On Thursday Brett and I went to the National War Memorial of Korea which is a fantastic if not poorly named war museum. Starting with the beginning of Korean history and moving up to Korea's troops in Afghanistan (answer-not many). Brett and I explored the museum for over four hours during which time I tripled my knowledge about the Korean war. A depressing war that could have been prevented if the US stayed in or the Chinese stayed out. Korean's have been invaded and divided since the three Kingdoms first united. I don't know when or if the peninsula will rejoin. After the lessons on the Korean War, we discovered the strangely kiddie friendly "disaster prep" room. This exhibit was to teach children about Nuclear bombs and other forms of mass warfare. The exhibit reminds the children that North Korea could act at any moment and they must always be prepared. There was even a model of Fat Man descending from wire onto a model of Seoul with flashing lights outlining the areas of who would die instantly and who would need to fear fallout. The entire exhibit made me realize that in Korea the Cold War never ended. Lucky the room had superhero costumes for Brett and I to wear. We will save Seoul from destruction by chemical attack!

Brett and I decided to leave at exactly the right time we managed to catch a rehearsal of a Military color-guard.
That night we meet up with Brett's friend Randy, also teaching English in Korea and ate delish BBQ.

On Friday Brett and I took a tour of Changdeokgung Palace. The best preserved palace in Seoul, the last surviving member of the Korean Royal family died here in 1989. The palace was the my favorite I have seen so far. The Palace is famous for its "secret garden". It was a place of refuge for the Kings where they could look out over the lake or read in their private library. The garden is spectacular because even though you are in the 8th most popular city in the world, you feel as if you are in the forest.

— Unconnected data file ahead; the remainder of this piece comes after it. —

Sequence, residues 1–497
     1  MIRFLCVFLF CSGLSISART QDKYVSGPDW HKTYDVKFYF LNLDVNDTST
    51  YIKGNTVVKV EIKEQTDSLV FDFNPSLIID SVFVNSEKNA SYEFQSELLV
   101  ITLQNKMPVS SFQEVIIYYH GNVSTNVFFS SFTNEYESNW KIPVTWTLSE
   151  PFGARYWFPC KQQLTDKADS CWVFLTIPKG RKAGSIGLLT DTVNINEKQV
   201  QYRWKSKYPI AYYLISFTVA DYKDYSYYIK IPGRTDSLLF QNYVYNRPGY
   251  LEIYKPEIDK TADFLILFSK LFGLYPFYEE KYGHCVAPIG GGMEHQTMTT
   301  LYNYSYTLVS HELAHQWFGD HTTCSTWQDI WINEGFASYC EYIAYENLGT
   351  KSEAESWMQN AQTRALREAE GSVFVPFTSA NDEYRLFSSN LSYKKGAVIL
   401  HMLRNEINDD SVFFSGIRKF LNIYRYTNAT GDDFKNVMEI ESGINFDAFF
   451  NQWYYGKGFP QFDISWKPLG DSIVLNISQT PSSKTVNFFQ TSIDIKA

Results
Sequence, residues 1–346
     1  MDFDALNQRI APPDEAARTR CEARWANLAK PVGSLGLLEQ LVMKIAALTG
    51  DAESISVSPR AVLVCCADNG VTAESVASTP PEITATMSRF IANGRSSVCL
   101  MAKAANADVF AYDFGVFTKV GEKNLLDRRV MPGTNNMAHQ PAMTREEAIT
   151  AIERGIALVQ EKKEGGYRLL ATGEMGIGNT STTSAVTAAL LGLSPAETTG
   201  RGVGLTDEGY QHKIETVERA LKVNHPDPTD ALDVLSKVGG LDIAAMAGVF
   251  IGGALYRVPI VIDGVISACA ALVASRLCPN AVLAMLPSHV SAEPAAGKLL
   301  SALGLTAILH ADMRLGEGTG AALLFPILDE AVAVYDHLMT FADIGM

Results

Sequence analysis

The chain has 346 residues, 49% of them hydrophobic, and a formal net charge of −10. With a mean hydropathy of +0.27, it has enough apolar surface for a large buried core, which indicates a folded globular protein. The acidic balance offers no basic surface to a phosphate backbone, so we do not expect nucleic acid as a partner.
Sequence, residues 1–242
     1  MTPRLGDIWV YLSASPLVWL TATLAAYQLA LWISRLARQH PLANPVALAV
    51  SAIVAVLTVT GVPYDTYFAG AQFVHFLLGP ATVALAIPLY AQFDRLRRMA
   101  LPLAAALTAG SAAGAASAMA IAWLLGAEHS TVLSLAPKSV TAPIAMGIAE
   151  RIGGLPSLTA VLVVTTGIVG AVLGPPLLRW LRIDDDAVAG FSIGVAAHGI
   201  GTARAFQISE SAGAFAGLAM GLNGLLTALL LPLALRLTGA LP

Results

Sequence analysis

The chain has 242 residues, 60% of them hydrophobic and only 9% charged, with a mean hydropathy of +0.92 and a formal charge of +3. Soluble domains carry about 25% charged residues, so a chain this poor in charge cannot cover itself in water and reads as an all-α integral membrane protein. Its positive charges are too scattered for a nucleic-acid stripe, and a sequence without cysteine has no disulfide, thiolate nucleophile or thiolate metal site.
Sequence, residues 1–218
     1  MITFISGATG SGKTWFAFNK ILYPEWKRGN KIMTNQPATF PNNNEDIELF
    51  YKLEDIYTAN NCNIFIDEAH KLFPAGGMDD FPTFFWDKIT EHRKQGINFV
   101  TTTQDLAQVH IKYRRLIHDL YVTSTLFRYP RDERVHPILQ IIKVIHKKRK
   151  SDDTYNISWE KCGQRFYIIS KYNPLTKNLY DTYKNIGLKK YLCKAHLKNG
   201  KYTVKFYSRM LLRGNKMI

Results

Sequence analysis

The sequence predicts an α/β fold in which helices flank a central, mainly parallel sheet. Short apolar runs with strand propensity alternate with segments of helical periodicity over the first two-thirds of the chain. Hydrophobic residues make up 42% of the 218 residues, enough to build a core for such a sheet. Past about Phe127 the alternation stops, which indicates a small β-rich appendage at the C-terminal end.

Brett and I continued our random tour of Seoul by exploring Yeouido Park and Insa-dong. In Insa-dong, Brett and I were interviewed for Korean TV. It was super awkward as the Korean hostess(?) asked us questions that all Koreans would have a answer to but don't matter to Americans. The questions were 'What is your lucky symbol" and "What numbers are lucky for you and how do seeing them make you act". Brett and I answered mostly with gambling answers (7? 21?) and after them drilling us on 2NE1 the pop group, they asked us about gambling. I've only gone once I said but I'm not sure they believed me... Gambling is illegal in Korea except for foreigners. I think Koreans think we are all obsessed with it. After that super awkward interview we ate Mexicanish food and went to bed.

Early the next morning was our USO DMZ tour. It was very difficult to find the USO office but after we did Brett and I were off to Disneyland! I mean two countries still at war! I got mixed messages like this the whole trip. Our first stop (and why I paid big bucks to the USO) was Panmunjeom or the Joint Security Area. Our US Army guides gave us all UN badges and drove us pass "Freedom Village" (a village of South Korean's who make 80,000 USD and are exempted from taxes and military duty) and "Propaganda Village" (a empty North Korean village home to zero humans and the worlds tallest flag pole). Propaganda Village is famous for blaring propaganda to anyone within earshot. Sadly this has been slowly disappearing and I didn't hear anything during my tour. Once inside Panmunjeoum I was treated to that sight of the North Koreans building made familiar by the media. The best part of all was the appearance of the North Korean soldiers who smoked cigarettes and leared at us though binoculars. Zoom in the picture for our fine friend in tan.

We also entered the blue UN owned buildings and stepped on the opposite side of the table aka North Korea! The ROK soldiers took pictures with us and I got the distinct feeling that we were in a tourist attraction not a war zone. The reason behind the sweet Raybans is so the soldiers don't get into staring contests with the North Koreans. No Joke..

Our tour was soon over and we then went to Dora Observatory, where high powered telephoto lenses allowed me be a creeper and spy on a North Korean Town, which was completely empty. The final stop on our DMZ tour was the 3rd tunnel. One of four tunnels that were discovered in the 70's. This stop seemed the most Disneyland of all with a gift shop (one of many in the tour) and these guys..

Finally on Sunday Brett headed home. :(

And I learned to NEVER take the subway from Inchon to Seoul station. NEVER! It took me two and a half hours!

Thank you everyone for reading my blog! Thanks to you I was ranked in the top 100 Korea bloggers and won a MP3 player! Keep reading and commenting and maybe I'll win the grand prize.